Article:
Melting Ice and Changes in Fish Stocks Migration, Distribution and Abundance?

Observations of reduced ice cover in parts of the Arctic Ocean, seen in conjunction with the possibility of climate-related changes affecting distribution and migration pattern of various fish stocks, have led to speculations that commercially interesting fish stocks might migrate into the central Arctic Ocean in the future.  At the time being, such a scenario seems far-fetched.  Norway is following the possible impact of climate change on migration patterns of fish stocks closely.  Based on the best available scientific data, we do not expect commercial fisheries to take place in the central Arctic Ocean in any foreseeable future. 

In adjacent (i.e. sub-Arctic) waters the likelihood of climate-related changes could be a more realistic possibility in a more long-term perspective.  Thus, scientists have suggested that under given circumstances and conditions, migrations could be expected to occur with regard to certain fish species such as cod, haddock, redfish and capelin.[4]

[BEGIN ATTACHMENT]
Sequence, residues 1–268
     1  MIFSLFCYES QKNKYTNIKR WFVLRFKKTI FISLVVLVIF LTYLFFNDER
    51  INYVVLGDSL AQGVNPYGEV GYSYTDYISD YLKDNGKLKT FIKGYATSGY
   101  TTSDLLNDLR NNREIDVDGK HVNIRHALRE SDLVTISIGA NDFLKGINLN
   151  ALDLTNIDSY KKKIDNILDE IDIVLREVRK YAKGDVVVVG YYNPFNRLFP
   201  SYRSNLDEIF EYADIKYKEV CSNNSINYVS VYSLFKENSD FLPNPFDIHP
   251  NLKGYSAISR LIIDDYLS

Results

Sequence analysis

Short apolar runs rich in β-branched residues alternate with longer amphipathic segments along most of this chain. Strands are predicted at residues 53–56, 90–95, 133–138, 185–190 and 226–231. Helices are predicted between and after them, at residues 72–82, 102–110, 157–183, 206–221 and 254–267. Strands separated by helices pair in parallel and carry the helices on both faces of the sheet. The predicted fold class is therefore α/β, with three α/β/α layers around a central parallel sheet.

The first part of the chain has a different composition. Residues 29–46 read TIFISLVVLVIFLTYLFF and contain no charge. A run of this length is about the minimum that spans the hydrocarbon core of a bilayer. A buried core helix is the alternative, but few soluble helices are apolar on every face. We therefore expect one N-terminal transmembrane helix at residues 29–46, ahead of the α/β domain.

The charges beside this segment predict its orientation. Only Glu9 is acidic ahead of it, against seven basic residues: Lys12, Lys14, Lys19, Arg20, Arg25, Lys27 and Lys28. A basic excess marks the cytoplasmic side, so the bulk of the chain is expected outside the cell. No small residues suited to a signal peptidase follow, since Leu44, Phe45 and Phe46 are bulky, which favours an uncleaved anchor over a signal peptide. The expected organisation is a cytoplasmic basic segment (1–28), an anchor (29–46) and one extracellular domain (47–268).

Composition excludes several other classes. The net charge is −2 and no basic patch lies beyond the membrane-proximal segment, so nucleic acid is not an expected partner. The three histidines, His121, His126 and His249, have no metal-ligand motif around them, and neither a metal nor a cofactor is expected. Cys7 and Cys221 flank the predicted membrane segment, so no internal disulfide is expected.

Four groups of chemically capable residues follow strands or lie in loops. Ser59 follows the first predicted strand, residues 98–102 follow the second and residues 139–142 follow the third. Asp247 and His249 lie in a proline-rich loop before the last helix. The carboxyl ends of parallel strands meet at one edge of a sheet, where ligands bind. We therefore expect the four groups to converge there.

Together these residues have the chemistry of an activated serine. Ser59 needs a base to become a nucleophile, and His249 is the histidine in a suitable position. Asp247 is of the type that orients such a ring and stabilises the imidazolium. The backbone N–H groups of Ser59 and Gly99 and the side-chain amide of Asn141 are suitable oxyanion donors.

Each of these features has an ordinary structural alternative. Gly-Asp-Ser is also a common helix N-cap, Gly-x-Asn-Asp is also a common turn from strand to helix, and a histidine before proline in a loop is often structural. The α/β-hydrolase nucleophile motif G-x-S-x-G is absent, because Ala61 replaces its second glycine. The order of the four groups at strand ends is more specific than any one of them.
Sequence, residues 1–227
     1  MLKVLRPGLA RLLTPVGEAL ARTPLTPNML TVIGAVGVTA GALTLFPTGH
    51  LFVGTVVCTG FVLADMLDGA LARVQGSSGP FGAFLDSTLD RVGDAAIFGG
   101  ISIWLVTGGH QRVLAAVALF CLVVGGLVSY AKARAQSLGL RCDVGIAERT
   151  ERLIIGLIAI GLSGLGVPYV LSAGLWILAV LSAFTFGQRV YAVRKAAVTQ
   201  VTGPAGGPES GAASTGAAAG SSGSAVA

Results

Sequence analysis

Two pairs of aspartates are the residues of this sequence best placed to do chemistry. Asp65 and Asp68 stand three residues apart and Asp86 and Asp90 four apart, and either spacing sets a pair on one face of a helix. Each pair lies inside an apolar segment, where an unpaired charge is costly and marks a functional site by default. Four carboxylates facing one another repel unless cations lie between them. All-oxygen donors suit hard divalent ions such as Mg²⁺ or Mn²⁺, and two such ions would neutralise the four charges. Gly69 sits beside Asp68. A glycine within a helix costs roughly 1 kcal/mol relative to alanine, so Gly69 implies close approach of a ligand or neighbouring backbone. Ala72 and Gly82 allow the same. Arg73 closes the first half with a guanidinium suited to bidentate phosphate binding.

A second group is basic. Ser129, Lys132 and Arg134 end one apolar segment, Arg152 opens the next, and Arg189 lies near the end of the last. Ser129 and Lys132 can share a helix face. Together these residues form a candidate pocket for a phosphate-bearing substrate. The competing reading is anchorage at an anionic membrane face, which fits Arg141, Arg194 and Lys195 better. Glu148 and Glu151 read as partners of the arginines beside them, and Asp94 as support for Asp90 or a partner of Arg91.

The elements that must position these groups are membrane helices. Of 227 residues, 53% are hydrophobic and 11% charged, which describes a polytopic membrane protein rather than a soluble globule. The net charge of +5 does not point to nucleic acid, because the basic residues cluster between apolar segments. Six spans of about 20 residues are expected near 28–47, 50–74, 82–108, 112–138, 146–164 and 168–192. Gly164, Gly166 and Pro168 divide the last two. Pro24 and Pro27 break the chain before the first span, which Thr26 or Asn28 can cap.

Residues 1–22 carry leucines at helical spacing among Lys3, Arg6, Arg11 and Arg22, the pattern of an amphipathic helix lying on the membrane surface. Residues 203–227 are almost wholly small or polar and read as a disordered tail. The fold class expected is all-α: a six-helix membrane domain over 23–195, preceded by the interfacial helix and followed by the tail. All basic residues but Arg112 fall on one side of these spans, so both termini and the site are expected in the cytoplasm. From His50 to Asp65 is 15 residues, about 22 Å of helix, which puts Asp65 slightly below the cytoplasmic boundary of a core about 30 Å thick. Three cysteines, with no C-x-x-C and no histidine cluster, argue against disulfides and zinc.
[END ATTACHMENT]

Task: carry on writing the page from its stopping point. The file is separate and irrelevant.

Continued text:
Observations indicate that in recent years, the distribution area of the Northeast Arctic Cod (aka Arcto-Norwegian cod) has extended further eastward in the Barents Sea than seems to have been the case previously.  It should however be noted that Arctic marine ecosystems have considerable natural variability, and their responses to climatic or climate-related changes are complex and uncertain.   

If nevertheless any fish stocks in any fishable quantities or abundance should migrate into the central Arctic Ocean, this would first happen within the fisheries jurisdiction areas of the coastal states. The coastal states have a particular responsibility to monitor any such developments, and to initiate cooperation, should that become necessary. , Norway is closely monitoring developments, as there is a need for continuous information on the developments of fish stocks and the impacts of climate change and temperature changes.

By: Alf Håkon Hoel, Research Director, Institute of Marine Research, Tromsø (alf.haakon.hoel@imr.no); and Odd Gunnar Skagestad, Specialist Director (Marine Resources); Norwegian Ministry of Foreign Affairs, Oslo (ogs@mfa.no).

Article prepared for the "High North Study Tour", July 2013.



[2]  Rolf Einar Fife, "Svalbard and the surrounding maritime areas", Royal Ministry of Foreign Affairs, Oslo, p.23. 

[3] Meld.St.10 (2010-2011) Report to the Storting (white paper) First update of the Integrated management Plan for the Marine Environment of the Barents Sea-Lofoten Area.

[4] See i.a. Harald Loeng "Climate change and the Arctic" ICES Insight, September 2012, pp.23-30.